Is it wrong to talk to strangers?

22 Apr
Run. Always run.

Run. Always run.

Last week I got into a conversation with a friend about whether or not Christians should approach people with whom they have no relationship in order to share the Gospel. We got onto the subject in the context of a training I assigned, asking students to go find someone and simply ask “What do you think about Jesus?” using questions rather than statements to steer the subsequent conversations.

The argument against talking to strangers was rooted in several factors, but the ones that emerged as the most deeply felt were: possible harm done by freaking people out/upsetting them, no relational context for follow up, ineffectiveness of the strategy, no prompting from God to do it – an arbitrary task, and a lack of scriptural precedent.

If these things were all true then I would agree that we should probably not talk to people we don’t already know, however this just doesn’t seem to be the case in my opinion. I’ll briefly look at each objection.

Damaging the cause of the Gospel

The type of person who could do damage in a 2 minute conversation is probably the same type who would do it in a relationship. Similarly, a humble and winsome approach should diffuse any tension – even if the conversation is awkward. In the worst case scenario, the approached person should walk away saying “Well, at least that Christian was less annoying that the usual type.” It’s not the duration of the conversation or our relational status entering the conversation that matters but how we treat the person we’re in dialogue with. (SPOILER ALERT: we should treat them with dignity and respect)

Some object that a particular church does contact evangelism and their ministry is doing more harm than good. The same response works here though: that church we have issues with probably still prays and reads the Bible. We aren’t going to abandon those core pillars of the faith because someone we disagree with practices them as well, and I don’t think we should abandon the practice of approaching folks we don’t know just because some churches may be terrible at it.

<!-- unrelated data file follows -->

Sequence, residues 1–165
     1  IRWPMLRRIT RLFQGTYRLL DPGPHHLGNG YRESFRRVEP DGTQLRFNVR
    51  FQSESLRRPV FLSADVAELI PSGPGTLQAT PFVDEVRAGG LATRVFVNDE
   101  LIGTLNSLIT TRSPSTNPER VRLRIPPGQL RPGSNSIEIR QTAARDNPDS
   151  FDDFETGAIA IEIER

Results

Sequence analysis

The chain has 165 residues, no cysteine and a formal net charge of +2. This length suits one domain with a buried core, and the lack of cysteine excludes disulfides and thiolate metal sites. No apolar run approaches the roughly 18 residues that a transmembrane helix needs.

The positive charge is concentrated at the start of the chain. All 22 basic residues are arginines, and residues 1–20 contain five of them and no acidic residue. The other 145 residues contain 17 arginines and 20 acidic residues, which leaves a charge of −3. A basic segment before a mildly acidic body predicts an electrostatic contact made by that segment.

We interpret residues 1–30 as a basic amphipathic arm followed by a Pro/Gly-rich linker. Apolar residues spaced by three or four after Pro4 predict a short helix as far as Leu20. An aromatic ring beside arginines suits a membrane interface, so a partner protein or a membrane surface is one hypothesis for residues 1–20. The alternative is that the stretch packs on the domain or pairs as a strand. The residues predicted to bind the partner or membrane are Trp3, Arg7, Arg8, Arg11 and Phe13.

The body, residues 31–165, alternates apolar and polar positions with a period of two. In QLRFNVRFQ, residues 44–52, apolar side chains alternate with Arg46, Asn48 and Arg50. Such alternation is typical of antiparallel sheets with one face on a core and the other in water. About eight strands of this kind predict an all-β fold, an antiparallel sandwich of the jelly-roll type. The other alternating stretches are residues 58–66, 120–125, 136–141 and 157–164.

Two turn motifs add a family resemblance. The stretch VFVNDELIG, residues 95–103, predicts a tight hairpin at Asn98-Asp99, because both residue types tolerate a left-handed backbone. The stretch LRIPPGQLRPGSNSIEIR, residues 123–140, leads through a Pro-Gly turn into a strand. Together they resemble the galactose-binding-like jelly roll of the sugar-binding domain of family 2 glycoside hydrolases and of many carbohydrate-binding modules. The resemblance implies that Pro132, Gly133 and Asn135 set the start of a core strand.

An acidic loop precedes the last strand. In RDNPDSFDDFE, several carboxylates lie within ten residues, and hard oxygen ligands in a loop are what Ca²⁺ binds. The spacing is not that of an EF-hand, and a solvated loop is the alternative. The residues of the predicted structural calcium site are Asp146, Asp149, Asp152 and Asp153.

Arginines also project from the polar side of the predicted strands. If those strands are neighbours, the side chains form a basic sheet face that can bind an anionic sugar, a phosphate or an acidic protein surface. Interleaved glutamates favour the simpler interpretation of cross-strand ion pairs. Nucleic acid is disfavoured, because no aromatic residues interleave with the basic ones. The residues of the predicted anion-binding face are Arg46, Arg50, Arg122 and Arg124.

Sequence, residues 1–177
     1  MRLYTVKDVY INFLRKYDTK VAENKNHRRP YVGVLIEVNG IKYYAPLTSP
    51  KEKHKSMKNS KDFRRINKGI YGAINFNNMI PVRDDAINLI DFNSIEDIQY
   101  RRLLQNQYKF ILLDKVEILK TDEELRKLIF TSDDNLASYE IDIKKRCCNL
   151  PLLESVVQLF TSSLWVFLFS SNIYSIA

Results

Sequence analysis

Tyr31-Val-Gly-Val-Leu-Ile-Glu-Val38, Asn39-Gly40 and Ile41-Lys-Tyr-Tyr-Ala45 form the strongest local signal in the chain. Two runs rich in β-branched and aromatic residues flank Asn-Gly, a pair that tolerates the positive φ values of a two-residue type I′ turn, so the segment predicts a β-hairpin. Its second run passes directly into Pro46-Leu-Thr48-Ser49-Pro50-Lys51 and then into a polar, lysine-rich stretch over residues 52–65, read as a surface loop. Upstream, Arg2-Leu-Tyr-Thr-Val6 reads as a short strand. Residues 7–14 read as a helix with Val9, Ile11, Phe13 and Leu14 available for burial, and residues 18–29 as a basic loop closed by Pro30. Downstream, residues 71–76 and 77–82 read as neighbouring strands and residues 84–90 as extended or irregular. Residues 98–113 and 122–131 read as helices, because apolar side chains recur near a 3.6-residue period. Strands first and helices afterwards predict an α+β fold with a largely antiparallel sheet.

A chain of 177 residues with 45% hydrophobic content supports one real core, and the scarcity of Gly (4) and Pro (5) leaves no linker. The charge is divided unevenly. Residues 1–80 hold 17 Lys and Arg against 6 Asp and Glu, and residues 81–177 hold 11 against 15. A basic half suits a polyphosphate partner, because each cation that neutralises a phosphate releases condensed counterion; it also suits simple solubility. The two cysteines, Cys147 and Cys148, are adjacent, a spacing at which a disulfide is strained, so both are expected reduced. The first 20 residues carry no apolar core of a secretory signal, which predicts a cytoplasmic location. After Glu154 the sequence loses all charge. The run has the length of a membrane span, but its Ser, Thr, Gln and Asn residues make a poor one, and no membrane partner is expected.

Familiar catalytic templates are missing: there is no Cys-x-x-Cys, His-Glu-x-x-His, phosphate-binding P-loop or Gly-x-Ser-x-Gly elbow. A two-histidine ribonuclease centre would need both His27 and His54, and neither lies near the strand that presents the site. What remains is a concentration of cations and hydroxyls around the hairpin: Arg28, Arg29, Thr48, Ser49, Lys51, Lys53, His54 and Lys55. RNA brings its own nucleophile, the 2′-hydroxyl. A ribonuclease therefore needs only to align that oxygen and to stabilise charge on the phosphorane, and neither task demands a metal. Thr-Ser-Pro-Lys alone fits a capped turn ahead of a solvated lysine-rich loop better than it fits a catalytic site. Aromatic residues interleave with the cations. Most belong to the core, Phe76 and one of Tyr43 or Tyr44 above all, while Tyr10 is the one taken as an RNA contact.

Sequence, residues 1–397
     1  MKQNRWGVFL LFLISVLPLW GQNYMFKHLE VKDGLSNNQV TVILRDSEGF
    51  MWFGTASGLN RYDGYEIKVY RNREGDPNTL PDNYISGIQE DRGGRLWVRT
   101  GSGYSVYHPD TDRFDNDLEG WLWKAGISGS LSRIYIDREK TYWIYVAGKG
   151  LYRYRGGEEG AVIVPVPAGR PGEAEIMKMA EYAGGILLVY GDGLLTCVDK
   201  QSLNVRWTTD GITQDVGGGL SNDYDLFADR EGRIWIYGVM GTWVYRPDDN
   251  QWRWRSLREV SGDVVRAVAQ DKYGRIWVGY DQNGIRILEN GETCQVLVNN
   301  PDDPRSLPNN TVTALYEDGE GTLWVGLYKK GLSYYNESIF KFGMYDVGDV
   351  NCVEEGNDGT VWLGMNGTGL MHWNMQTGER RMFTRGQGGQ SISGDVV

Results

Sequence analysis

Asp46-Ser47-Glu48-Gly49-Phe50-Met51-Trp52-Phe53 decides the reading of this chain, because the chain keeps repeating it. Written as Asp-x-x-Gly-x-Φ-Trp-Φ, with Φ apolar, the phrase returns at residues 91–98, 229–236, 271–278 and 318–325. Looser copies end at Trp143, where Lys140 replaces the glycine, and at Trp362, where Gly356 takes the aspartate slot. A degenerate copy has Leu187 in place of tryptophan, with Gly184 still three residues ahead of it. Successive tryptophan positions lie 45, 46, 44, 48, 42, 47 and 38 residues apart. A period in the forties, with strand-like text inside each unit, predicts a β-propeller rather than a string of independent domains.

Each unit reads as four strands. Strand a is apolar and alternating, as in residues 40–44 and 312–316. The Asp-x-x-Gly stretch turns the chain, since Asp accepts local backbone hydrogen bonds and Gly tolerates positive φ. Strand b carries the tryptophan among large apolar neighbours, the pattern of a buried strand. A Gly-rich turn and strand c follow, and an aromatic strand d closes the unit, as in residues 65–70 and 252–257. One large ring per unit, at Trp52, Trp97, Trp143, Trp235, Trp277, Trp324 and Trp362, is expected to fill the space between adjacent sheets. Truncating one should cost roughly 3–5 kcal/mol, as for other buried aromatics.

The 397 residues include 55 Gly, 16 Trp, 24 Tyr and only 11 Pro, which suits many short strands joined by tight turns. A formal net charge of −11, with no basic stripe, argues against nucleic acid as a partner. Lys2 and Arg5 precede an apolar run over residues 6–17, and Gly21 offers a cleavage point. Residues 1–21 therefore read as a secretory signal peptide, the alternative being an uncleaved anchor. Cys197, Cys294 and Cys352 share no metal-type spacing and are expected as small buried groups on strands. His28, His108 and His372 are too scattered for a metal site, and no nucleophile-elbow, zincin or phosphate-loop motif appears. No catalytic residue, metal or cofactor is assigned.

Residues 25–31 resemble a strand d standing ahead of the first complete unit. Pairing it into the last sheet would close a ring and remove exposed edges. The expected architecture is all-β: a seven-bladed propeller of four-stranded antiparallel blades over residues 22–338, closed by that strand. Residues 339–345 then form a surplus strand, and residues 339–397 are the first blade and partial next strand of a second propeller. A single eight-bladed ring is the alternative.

No relational context

This is an easy fix: give them your email address. If they don’t live in the same town, and they’re actually interested in following up you can help connect them with a local church in the area if you know anyone there, or at least use your network to try to find one that would be welcoming. Even in the worst of “hit-and-run” scenarios the seed sown might be cultivated by someone else. It might be less effective, but that doesn’t make it wrong or totally ineffective.

Ineffectiveness

Being a witness is not like being a middle manager at some company: our goals aren’t efficiency and results. Our goal is obedience. I agree that sharing the faith in the context of an established and ongoing relationship is more effective, but again this doesn’t render talking to a stranger ineffective or pointless. Part of the intended outcome of the exercise was for the student leaders to grow in their conversational evangelism skills in a low stakes environment. Even if the folks they engaged with remained uninterested, the students took a risk, became more comfortable in conversation, and maybe heard something they weren’t prepared to deal with that will spur reflection and study.

No prompting from God

The simple truth is that we rarely hear the audible voice of God commanding us to do something, and we rarely find ourselves drawn to something that is unnatural and risky for us. If we are waiting for that moment where we feel totally compelled we will likely wait in perpetuity. I consider being a witness a discipline just like praying and reflecting on the Word. There are times when I don’t feel like doing those things but know the outcome will be good (even if I don’t have a mind blowing God moment), and so I do them. In the same way it is worthwhile (though not necessary) to be in the habit of occasionally risking some comfort to engage with a person who you otherwise would not. It will grow and stretch you and can possibly impact the person who you speak with.